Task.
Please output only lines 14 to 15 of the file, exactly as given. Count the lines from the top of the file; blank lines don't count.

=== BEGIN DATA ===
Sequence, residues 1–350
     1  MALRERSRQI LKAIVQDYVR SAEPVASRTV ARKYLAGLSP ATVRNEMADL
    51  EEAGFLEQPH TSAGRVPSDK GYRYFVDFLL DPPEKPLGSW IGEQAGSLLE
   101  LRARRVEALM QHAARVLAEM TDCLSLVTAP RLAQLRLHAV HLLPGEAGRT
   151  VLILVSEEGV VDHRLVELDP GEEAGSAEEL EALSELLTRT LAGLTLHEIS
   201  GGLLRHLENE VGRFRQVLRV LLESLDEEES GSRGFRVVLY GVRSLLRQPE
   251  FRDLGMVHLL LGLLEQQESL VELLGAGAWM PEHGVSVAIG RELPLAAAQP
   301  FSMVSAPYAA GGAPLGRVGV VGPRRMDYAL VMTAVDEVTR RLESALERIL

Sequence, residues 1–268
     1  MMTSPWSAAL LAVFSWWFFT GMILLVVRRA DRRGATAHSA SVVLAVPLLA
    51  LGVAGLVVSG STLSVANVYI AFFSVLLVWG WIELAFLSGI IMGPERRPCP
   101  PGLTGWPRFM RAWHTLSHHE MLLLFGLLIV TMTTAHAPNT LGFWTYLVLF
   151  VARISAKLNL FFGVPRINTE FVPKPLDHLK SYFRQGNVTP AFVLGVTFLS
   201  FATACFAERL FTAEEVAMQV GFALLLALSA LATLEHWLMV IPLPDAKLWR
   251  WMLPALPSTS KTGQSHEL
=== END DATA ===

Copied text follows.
   201  FATACFAERL FTAEEVAMQV GFALLLALSA LATLEHWLMV IPLPDAKLWR
   251  WMLPALPSTS KTGQSHEL